Lewis Hamilton became the youngest ever F1 champ in 2008. So what does this year hold for the racing prodigy?
When Lewis Carl Hamilton collected his MBE from the Queen of England in March, he described it as ‘one of the most overwhelming experiences I’ve ever had’ – quite an accolade for a 24-year-old who has achieved so much. Like any self-respecting international sportsman he lives in the tax haven of Switzerland and has a glamorous girlfriend – lead singer of the Pussycat Dolls, Nicole Scherzinger. Unlike most sportsmen, however, he is rarely out of the company of his family – his father, Anthony, is his manager, and his half-brother, Nicholas, who has cerebral palsy, is often the first person to congratulate or commiserate with Lewis after a race.
Born January 7, 1985, in the Hertfordshire town of Stevenage in the UK, and named after US sprinter Carl Lewis, it seemed destined that Hamilton would have speed in his future. At the age of 10 he approached McLaren team boss Ron Dennis at a major awards ceremony and simply announced: ‘I want to race for you one day.’ In less than three years he had signed with the team’s young driver programme.
Hamilton’s father was responsible for much of his son’s interest in racing; he bought him his first radio-controlled car (Lewis won a major championship with it the following year), and also a go-kart one Christmas, which saw Lewis throw himself into karting competitions, winning at national and international levels. In 2001, he moved on to cars, with a drive in the Formula Renault winter series, winning the main Formula Renault championship at his second attempt in 2003. This led to a Formula 3 drive, and he was now on the fast track to an F1 seat.
Hamilton’s career hit a minor snag in 2004 when an argument with McLaren saw the team drop the talented youngster, but differences were eventually resolved and he returned to them in 2007. In the interim, Hamilton was approached by the Williams team, who very nearly signed the young driver.
By 2006 Lewis had secured a seat with top GP2 Team ART and began racing on the same tracks as F1 greats in this support category. He immediately grabbed the world’s attention with his unique talents, and he won the championship at his first attempt.
Finally, in 2007, Hamilton became the youngest driver to secure an F1 seat and took his place at McLaren-Mercedes just 13 years after the audacious youngster approached Ron Dennis. This would be one of the toughest years in his career, however, as he was partnered with the feisty Spaniard Fernando Alonso, who had just decamped from his long-time team Renault.
In his first Grand Prix in Australia, Hamilton qualified an impressive fourth, and then went on to take third position, becoming the 13th driver ever to score a podium position in his first F1 race. In Bahrain and Spain, he finished second, both times behind Felipe Massa, but in doing so became the youngest driver to lead the world championship.
His first win wasn’t far away, coming just a few races later in Canada, and he followed it by another victory in the US Grand Prix. Those who didn’t realise how special Hamilton was were quickly finding out, and former world champion and team-mate Alonso clearly felt threatened, forging a bitter rivalry between the two.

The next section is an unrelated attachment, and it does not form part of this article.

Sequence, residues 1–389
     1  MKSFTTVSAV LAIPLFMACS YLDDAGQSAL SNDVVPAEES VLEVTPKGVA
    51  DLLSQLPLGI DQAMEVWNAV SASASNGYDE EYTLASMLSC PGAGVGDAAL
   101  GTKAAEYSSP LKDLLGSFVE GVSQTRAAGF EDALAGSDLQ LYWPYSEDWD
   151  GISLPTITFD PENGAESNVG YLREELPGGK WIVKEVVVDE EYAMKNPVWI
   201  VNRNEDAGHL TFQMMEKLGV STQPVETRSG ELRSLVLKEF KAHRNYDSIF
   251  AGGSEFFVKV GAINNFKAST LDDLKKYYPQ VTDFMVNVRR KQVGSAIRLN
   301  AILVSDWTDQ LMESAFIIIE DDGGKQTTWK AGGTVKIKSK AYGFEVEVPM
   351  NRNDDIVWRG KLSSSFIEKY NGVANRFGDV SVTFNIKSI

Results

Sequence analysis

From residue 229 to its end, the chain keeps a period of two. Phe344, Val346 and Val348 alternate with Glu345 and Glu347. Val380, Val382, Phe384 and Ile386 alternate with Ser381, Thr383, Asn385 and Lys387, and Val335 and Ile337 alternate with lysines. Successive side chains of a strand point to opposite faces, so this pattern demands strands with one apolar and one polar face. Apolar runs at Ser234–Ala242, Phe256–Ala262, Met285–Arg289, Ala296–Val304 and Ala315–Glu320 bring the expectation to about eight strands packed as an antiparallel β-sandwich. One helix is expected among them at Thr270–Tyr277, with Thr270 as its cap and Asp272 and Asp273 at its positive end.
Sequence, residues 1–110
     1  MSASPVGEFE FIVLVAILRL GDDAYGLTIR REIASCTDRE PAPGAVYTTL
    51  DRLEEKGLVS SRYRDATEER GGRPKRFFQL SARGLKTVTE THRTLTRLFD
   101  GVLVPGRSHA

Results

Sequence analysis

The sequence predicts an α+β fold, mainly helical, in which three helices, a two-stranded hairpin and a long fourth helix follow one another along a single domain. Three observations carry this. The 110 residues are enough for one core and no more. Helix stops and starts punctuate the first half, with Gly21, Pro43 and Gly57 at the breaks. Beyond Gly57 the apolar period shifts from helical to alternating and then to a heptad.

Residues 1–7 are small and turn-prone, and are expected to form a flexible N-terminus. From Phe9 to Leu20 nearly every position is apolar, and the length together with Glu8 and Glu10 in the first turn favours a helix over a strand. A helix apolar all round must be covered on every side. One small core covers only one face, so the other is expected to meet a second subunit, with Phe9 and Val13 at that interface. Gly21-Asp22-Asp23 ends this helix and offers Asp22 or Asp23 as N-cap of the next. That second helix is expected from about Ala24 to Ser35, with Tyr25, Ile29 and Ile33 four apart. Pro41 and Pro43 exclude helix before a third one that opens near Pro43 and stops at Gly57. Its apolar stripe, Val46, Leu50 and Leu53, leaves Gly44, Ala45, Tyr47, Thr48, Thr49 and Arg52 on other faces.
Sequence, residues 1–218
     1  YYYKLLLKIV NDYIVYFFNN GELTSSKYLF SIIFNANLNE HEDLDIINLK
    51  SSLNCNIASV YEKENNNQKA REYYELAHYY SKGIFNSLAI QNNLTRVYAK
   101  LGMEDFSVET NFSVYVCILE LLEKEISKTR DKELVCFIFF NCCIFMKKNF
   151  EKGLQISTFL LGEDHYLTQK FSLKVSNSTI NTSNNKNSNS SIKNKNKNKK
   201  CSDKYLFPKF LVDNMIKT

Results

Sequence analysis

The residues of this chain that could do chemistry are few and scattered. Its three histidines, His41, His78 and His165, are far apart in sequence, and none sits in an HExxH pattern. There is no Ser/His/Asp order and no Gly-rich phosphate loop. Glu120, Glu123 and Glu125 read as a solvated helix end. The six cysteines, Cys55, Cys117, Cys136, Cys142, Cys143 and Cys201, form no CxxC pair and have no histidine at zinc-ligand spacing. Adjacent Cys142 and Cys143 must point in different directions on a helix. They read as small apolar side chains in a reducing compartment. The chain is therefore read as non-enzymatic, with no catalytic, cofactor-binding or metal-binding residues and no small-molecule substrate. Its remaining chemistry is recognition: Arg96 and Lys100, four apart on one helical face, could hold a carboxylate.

The rift came to a head at the Hungarian Grand Prix when the Spaniard, having posted the fastest time, blocked his team mate’s exit from the pits, thereby stopping him improving on his qualifying time. The race officials demoted Alonso five places down the grid and docked McLaren any constructors’ championship points gained from the race. Hamilton had the last laugh as he crossed the finish line in first place.
So the young gun entered the last race of the season in Brazil four points ahead of his bitter rival, but tragedy struck with a series of incidents, and Kimi Raikkonen won the championship with Hamilton second by just one point. The following year was better for Hamilton, though – Alonso left the team by mutual consent and was replaced by young Finnish driver Heikki Kovalainen. Hamilton won at the first race in Australia, and finished fifth in Malaysia, but his 2008 visit to Bahrain will always be remembered for his huge crash in practice, destroying his McLaren and forcing him to start the race in a spare car. After a disastrous race, which included hitting former team-mate Alonso, he finished in 13th place.
The rest of the 2008 season saw many ups and downs – Hamilton finished third in Spain and second in Turkey, then crashed into the back of Raikkonen in Canada, who was stopped at a red light at the end of the pits. In France he finished 13th again, then first in the UK, and it all rested on the final race in Brazil to decide the championship.
The task was not so huge this time; he needed only to finish fifth to turn his seven-point advantage into a championship win. But in what fans have come to recognise as true Hamilton style, he kept them waiting until the last moment; when title contender Massa crossed the line, Lewis was sixth and it looked like Massa would win, but seconds later everything changed as Hamilton slipped past Timo Glock to snatch fifth – becoming the youngest ever F1 World Champion.
Hamilton quickly released an autobiography – a touch unusual for a 24-year-old when most young men his age are just settling into their first job – and he has been the subject of many other books, magazine features and TV documentaries, just two years after breaking on to the international motorsport stage Lewis Hamilton is a household name. It only waits to be seen where he can go from here, and if his fans will still be sitting on the edge of their seats come the 2009 season finale in Abu Dhabi in November.